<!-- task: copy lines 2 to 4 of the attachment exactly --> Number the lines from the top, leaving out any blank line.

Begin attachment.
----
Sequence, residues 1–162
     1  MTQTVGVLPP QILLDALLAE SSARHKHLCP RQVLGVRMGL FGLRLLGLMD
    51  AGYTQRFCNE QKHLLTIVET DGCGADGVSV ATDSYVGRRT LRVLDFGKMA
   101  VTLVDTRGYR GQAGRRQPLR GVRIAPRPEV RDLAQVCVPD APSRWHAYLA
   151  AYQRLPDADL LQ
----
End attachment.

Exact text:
     1  MTQTVGVLPP QILLDALLAE SSARHKHLCP RQVLGVRMGL FGLRLLGLMD
    51  AGYTQRFCNE QKHLLTIVET DGCGADGVSV ATDSYVGRRT LRVLDFGKMA
   101  VTLVDTRGYR GQAGRRQPLR GVRIAPRPEV RDLAQVCVPD APSRWHAYLA